Sex trafficking victim
An officer talks with a sex trafficking victim. Courtesy FBI

Human sex trafficking, the $800 million dark industry in San Diego County, preys on an estimated 3,000 to 6,000 victims in our region. Approximately 80 percent of them are U.S. citizens, who get recruited through force, fraud or coercion as early as the 5th grade.

Thankfully, a myriad of citizens, law enforcement and community groups now stand together to combat this scourge. Count San Diego Rotary among them.

In all the current efforts against human trafficking, one thing stands clear; we won’t enforce our way out of it. Our current system cannot take care of all victims and prosecute traffickers even if they miraculously turned themselves into the San Diego County District Attorney’s office tomorrow. We must include efforts that help prevent young people from turning into a statistic.

Schools stand on the front lines of this fight.

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Truthfully, I did not know much about this issue until a little more than three years ago, when I met a young high school junior at a youth camp that my Rotary club runs. At that program’s talent show, this student performed “speed art” by creating a full painting in under three minutes. When she finished, she requested the microphone and explained that she developed this skill as a way to channel her suicidal tendencies when in the hospital not that long ago. “I’m a human trafficking survivor,” she said.

We later found out that this young student still suffered from the aftermath of her personal hell, and our camp served as her first foray out in quite some time. Her incredible courage enabled her to stand before 80 other students and nearly four dozen Rotarians and college Rotaractors, in the dark of night, to tell her story. After just 36 hours of being a part of this experience, this inspiring young person felt the safety and security she needed to continue her healing process.

When she did, the room fell silent — for one second. Then out of the back came a young voice, who answered her statement of “I’m a human trafficking survivor,” with “Yeah you are!!!” and the room erupted in applause and love.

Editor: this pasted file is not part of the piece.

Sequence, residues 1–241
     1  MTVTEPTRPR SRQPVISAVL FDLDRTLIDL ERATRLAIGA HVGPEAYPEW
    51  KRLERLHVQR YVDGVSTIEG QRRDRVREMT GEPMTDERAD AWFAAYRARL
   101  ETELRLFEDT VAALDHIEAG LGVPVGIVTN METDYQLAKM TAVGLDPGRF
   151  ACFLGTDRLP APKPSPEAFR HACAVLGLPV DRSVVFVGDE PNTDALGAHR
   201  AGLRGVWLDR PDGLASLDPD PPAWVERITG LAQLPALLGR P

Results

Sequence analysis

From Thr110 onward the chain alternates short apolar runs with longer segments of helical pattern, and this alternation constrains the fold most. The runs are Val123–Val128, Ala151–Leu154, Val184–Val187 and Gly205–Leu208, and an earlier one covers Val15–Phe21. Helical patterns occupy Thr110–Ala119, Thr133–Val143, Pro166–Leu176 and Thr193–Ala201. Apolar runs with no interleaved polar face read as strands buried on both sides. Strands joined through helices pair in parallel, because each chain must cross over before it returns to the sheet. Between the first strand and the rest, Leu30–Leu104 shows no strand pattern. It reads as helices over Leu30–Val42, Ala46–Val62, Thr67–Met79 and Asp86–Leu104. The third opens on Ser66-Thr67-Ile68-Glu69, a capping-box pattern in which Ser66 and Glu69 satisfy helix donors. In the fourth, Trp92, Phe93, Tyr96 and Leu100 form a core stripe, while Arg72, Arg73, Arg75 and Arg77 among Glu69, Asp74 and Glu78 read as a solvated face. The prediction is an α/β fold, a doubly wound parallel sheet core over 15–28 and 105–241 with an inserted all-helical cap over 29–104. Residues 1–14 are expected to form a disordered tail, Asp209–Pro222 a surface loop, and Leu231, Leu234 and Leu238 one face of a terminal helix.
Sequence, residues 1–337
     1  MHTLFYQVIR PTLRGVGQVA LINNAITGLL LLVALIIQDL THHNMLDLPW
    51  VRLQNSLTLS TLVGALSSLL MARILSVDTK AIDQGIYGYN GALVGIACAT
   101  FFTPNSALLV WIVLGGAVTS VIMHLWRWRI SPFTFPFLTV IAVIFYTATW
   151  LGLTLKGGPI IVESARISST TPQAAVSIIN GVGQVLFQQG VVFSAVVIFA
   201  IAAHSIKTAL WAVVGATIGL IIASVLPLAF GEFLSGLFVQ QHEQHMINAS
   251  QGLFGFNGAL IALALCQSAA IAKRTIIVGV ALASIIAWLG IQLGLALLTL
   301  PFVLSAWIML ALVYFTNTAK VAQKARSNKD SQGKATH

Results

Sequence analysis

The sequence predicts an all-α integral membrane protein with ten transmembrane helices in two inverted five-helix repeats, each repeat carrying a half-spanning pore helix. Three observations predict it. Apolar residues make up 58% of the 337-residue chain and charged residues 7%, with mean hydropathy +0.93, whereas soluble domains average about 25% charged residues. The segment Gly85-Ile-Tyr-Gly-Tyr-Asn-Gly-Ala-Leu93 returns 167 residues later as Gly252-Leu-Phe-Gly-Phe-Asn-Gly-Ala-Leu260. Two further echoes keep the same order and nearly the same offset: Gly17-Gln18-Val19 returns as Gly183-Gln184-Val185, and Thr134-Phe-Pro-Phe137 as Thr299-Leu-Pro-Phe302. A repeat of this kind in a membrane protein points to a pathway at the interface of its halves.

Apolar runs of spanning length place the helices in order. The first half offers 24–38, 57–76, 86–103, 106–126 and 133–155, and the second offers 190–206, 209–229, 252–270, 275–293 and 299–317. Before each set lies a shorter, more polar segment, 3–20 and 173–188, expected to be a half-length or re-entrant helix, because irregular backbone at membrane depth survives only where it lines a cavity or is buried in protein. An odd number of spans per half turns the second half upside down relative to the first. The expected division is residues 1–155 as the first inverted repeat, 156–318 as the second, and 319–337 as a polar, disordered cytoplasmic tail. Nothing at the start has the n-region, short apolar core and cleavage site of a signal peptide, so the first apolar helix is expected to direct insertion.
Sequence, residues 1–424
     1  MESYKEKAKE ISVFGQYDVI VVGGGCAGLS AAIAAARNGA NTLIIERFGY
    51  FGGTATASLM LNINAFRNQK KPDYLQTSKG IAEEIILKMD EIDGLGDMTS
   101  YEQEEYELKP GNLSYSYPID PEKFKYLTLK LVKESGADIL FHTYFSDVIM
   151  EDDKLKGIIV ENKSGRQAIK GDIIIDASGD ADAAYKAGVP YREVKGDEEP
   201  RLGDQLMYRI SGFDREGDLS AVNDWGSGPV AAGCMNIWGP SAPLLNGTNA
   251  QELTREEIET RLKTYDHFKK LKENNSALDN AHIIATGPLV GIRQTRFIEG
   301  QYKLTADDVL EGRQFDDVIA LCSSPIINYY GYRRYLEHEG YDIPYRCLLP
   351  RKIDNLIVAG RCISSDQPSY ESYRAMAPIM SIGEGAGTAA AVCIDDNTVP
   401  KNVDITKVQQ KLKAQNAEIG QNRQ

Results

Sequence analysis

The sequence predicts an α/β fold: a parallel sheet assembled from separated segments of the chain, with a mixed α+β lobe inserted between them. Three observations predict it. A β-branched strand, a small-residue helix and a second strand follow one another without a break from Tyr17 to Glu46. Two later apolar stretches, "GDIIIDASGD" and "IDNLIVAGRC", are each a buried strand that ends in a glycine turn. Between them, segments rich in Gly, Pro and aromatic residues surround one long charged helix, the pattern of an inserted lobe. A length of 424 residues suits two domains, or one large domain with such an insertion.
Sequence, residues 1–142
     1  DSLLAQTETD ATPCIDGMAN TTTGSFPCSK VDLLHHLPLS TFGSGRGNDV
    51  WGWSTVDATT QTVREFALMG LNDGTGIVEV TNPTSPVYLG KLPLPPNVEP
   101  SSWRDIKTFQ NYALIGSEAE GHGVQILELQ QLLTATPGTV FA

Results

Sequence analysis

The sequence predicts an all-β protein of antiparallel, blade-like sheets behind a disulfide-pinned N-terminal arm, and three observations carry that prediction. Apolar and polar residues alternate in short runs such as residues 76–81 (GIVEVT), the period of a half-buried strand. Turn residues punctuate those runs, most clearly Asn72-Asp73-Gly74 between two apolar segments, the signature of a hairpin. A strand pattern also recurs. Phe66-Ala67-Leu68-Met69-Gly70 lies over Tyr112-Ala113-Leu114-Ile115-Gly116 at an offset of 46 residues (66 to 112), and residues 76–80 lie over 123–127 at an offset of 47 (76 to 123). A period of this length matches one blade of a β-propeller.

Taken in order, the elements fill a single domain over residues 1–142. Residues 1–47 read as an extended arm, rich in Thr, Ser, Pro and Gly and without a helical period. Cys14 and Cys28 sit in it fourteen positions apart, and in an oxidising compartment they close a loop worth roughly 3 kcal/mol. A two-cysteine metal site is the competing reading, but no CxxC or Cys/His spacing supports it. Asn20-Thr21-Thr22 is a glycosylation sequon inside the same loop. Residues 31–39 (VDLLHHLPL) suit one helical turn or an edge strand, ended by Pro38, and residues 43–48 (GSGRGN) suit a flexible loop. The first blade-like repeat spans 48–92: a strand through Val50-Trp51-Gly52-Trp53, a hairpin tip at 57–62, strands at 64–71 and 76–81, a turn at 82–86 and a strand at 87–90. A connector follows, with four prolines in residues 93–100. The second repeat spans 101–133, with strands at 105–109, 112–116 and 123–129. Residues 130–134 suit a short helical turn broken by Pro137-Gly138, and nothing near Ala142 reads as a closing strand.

I placed my face in my hands, overcome by what I just witnessed. My emotions ran the gamut. Love, pride, joy and rage enveloped me. I kept thinking about the possibilities that intervention could prevent someone — even just one young person — from experiencing the same pain, isolation and fear this student felt.

There is.

Teachers, most notably those caring for 5th, 7th, 9th and 11th-grade students, can play a significant role in identifying their students at risk and actively targeted by traffickers if appropriately trained. Thankfully, the San Diego Trafficking Prevention Collective offers free training to teachers if school districts can fund the in-service days.

Herein lies the rub. Already besieged by unfunded mandates and dwindling resources, school districts do not possess the resources to pay for additional in-service days. San Diego Rotary and its more than 500 members spanning four generations stand ready to support with more than $50,000 in funds to qualifying San Diego County public school districts and charter schools.

We ask for your help in getting the word out as we seek these institutions to fill out this initial Explanation of Interest Form by Oct. 15. We can empower teachers to make a difference in this fight, but only if they know that such support exists.

The members of San Diego Rotary sincerely appreciate your help.

David Oates is the current president of San Diego Rotary, the fourth largest Rotary club in the world. The organization creates opportunities for providing lasting and significant impact both locally and around the world.